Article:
where you do not want to go.

Before I begin I should say I had a great time at MHGS. I say this because as hard on it as I am I did enjoy myself, learn a lot, and grow with a group of great people.

A couple of weekends ago Rob Bell visited the seminary and had a good interaction with students there. I watched the exchange online and enjoyed seeing Rob interact with people at MHGS. After he attended the school he wrote this on his webpage:

I had the chance to speak at the Mars Hill Graduate School in Seattle. Those folks are so far out ahead. When you start there, you essentially do group therapy for a while, because, as they say, “you can’t take people where you’re not willing to go yourself.” Brilliant. This kind of holistic, flesh and blood, theological education is where it’s at.

Here I think Rob points out very clearly what is billed as the central experience at MHGS, Practicum. For many people at MHGS this type of situation is a well needed  breath of fresh air that helps them get perspective on their lives. For many students the Practicum experience is a gateway to professional one on one therapy that continues healing for them but at times can turn into a sort of fetish for the MHGS student.

But I think my biggest problem about what Rob’s quote states is that it signifies an attitude that floats around the school that therapy is the thing that is going to take us to the places where we are not willing to go.

Granted, I am not the typical MHGS student, but practicum never met in that way. Maybe I wasn’t open to it, or it was the wrong time, or I was just too worried about passing. However, practicum served as a good opportunity to try on different modes of listening, and understand issues of transference. But there are those at the school who would echo what Rob is saying here and that therapy is the realm where we will surpass where we will go.

On a biographical note, when I was halfway through MHGS I started volunteering bi-weekly at a ministry for the homeless. It was the place I didn’t want to go but I found myself there none the less. I would sit and talk to people who from week to week couldn’t even remember my name. I soon learned that I had nothing to offer them, but I kept going and through the process people close to me began to notice I was changing as a person. After I graduated I started spending three mornings a week with the folks at this ministry. I would come into the house in the morning put on a pot of coffee, do the dishes, and just sit. Some days I broke up fights, some days I hung out in garden with them, some days I helped them with laundry. I prayed a lot. It was a humbling time, but with little else to offer it was what I did. This was the place of transformation, my holistic, flesh and blood education.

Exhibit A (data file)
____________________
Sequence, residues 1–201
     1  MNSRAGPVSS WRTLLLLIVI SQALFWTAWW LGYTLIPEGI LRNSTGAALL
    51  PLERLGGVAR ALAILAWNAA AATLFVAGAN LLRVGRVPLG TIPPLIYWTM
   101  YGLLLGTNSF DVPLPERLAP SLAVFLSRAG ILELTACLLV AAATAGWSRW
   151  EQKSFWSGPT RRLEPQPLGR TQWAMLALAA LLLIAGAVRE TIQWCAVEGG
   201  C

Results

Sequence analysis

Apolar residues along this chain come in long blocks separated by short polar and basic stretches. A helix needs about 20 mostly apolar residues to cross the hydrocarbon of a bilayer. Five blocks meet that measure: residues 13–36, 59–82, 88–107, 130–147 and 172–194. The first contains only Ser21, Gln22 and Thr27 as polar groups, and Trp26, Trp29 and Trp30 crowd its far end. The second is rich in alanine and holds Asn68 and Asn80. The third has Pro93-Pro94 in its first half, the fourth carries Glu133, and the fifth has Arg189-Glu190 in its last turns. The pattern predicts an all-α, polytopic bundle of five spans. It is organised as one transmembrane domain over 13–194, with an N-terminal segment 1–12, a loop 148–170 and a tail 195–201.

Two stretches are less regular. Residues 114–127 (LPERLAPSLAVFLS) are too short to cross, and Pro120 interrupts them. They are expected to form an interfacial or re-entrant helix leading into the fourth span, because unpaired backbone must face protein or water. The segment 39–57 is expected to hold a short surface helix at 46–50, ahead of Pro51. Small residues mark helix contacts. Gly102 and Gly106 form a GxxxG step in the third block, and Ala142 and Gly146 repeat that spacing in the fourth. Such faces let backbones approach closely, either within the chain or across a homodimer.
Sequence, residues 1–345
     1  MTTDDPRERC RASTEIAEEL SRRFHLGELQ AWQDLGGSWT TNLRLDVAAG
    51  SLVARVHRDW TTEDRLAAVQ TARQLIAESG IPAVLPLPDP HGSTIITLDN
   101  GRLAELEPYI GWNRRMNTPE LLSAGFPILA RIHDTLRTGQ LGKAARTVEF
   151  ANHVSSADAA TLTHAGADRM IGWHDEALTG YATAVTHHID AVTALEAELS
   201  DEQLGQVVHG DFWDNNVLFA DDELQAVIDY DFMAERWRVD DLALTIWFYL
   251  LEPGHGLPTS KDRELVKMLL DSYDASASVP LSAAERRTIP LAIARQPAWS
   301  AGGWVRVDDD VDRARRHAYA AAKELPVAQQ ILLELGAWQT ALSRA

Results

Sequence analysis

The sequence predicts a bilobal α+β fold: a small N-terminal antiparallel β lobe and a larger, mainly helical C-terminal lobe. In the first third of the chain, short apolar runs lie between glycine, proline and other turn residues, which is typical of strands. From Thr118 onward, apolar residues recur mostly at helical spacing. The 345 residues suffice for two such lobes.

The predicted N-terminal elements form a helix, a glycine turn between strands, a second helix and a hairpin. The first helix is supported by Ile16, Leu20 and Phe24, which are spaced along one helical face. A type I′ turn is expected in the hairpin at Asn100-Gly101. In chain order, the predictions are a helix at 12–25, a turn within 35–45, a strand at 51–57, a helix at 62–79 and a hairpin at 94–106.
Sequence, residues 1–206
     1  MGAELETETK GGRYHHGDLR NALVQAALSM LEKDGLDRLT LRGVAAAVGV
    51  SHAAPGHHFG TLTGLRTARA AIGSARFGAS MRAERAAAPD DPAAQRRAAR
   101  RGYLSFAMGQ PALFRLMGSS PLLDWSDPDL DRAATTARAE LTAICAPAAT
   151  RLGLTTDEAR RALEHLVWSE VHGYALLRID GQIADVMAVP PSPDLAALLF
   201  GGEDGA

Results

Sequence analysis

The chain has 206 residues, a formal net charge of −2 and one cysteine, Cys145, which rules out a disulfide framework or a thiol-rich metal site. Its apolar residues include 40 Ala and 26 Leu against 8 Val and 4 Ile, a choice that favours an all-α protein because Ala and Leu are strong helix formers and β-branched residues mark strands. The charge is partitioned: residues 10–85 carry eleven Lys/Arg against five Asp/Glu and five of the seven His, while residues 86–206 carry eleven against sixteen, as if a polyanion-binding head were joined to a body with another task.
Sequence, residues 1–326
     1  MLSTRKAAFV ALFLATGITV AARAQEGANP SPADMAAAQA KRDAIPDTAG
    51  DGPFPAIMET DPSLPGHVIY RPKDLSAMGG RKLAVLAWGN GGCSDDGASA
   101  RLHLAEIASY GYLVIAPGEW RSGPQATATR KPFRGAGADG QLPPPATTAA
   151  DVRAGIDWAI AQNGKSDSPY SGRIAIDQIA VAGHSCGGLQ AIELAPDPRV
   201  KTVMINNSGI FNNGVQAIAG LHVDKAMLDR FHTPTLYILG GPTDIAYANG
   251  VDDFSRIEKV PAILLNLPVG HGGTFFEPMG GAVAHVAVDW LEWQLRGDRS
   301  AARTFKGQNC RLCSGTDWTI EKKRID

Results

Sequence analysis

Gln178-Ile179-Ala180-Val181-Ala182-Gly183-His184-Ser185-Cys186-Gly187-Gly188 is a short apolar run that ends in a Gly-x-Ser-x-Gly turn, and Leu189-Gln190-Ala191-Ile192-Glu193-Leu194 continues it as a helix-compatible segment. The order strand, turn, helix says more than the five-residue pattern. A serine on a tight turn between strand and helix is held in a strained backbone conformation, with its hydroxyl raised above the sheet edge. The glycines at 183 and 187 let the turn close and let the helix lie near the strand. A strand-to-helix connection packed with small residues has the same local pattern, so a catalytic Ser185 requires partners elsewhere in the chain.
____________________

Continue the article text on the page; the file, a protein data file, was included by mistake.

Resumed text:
Before I came to MHGS I read a Brian McLaren book (I can’t remember which one) where he laid out that seminary could be a place where people came together and did things like this. I had misinformed myself enough to think this is what Practicum was and failed to ask the right questions before attending. While Practicum and therapy was for many students what Rob says it is I felt lost with the singular option I was expected to fit into.

This is my problem – when I think of flesh and blood, holistic theological education I don’t think of the classroom or the therapy session with other emerging adults, but of the places that Jesus will carry my body that I do want to go. When I hear what Rob describes  I just can’t imagine the therapeutic experience aimed at creating a healthy individual who can enter into community changed but something else. I think of places we could not go but for Jesus carrying us there.  Sitting in silence (see the bottom of this article by feminist theologian Sarah Coakley), placing our bodies between conflicts, teaching at risk youth coffee skills, joining a black Pentecostal church, going to the godless, working with the homeless, prostitutes, or the mentally disabled. I think the key thing for me is that I am convinced going places where we don’t want to go involves Jesus carrying our bodies there and not just our minds/souls.

I was one of a few students that got votes to address the graduating class and was asked to pray at the ceremony. Being aware that people thought of me as one to address the class I began to ponder what I would have said if I was giving one of the speeches and the only I think I could think of is this section of John that I feels gets to the heart of what I was trying to say during my time at MHGS:

Very truly I tell you, when you were younger you dressed yourself and went where you wanted; but when you are old you will stretch out your hands, and someone else will dress you and lead you where you do not want to go." Jesus said this to indicate the kind of death by which Peter would glorify God. Then he said to him, "Follow me!"

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